_{PG}. Note that $Q\u2192$ in Equation (2) does not represent the set of Cartesian coordinates used to compute the DFT energy points, but a set of redundant internal coordinates relative to them through the Wilson B matrix.

^{58}The Taylor series expansion used here is expressed as

where *E*(*i*) is the energy at the data point geometry *i*, Δ*E*(*i*) is the vector of first derivatives at data point *i* with respect to elements of *ς*(*i*), which are local coordinates resulting from a linear combination of the redundant internal coordinates $Q\u2192$, *F*(*i*) is the matrix of second derivatives at data point *i* with respect to elements of *ς*(*i*), and Δ*ς*(*i*) is the displacement of the point $Q\u2192$ from the data point geometry $Q\u2192$ in *ς*(*i*) coordinates.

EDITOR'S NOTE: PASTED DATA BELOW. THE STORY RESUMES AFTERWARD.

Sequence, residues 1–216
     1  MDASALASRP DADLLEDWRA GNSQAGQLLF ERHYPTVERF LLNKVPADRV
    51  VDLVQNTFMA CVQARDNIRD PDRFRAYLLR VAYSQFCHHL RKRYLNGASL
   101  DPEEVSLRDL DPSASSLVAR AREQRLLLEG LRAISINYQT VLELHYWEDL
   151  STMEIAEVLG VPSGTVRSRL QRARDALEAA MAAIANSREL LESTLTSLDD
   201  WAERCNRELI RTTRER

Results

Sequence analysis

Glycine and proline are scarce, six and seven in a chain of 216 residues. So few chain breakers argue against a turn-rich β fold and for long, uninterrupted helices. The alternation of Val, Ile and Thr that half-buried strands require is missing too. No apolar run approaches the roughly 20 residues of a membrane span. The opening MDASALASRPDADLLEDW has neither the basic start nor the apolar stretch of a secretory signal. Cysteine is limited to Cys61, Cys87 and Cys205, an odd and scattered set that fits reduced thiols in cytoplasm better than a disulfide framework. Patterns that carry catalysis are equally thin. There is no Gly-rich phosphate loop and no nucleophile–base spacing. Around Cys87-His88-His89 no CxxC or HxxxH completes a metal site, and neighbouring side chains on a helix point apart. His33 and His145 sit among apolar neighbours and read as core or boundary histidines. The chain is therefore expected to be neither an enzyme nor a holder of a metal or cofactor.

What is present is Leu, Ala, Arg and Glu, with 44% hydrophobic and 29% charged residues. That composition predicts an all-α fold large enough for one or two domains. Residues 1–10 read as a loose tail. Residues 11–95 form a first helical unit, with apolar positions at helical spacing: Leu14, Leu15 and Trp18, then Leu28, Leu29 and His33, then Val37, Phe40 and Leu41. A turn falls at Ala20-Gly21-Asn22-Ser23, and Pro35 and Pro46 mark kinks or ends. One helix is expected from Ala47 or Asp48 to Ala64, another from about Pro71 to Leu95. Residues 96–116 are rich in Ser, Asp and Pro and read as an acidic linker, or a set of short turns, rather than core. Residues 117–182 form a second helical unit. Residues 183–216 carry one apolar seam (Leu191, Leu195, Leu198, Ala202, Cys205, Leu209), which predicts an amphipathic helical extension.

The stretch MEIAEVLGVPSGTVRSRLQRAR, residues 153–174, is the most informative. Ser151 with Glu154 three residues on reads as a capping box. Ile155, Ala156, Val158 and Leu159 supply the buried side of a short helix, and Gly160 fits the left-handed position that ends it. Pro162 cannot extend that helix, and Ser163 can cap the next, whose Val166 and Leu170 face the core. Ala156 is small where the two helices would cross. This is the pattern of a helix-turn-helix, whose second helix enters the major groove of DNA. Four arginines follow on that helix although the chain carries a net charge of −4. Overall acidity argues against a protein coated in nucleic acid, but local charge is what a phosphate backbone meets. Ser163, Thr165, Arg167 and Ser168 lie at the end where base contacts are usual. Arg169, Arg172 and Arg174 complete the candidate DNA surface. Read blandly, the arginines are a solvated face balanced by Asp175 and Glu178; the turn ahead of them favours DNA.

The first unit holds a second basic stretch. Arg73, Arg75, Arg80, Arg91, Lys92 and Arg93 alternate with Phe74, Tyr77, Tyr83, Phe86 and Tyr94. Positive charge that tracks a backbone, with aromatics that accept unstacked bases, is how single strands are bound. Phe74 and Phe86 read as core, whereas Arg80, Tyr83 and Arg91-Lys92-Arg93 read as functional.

It is important to note that the MS method uses a non-homogeneous sampling of the configuration space, so that more DFT energy points are used in the dynamically relevant regions. These regions are selected by using classical dynamics through a feedback process, hereafter called the GROW process. The first step begins with an initial basic version of the PES, defined in this case by only 50 DFT energy points. Then a small batch of classical trajectories is run on this basic PES, and from these trajectories new geometries are selected and added to the PES, thereby augmenting it. The new geometries are chosen according to two different criteria:^{59} either new energy data points are added to the region most frequently visited by the trajectories or they are added to regions suspected to be the most inaccurate ones. Periodically, a larger batch of trajectories is run and used to compute some observables, which in this case are the rotational excitation probabilities. If the probabilities change significantly with the number of DFT data points added to the PES, the procedure goes back to the second step of running a small batch of trajectories. If the probabilities do not change significantly, the PES is considered converged, as illustrated in Figure 2. At this point, it should be pointed out that in order to properly sample the dynamical regions relevant to this analysis, the incident conditions of the classical trajectories are selected to correspond to the experimental conditions.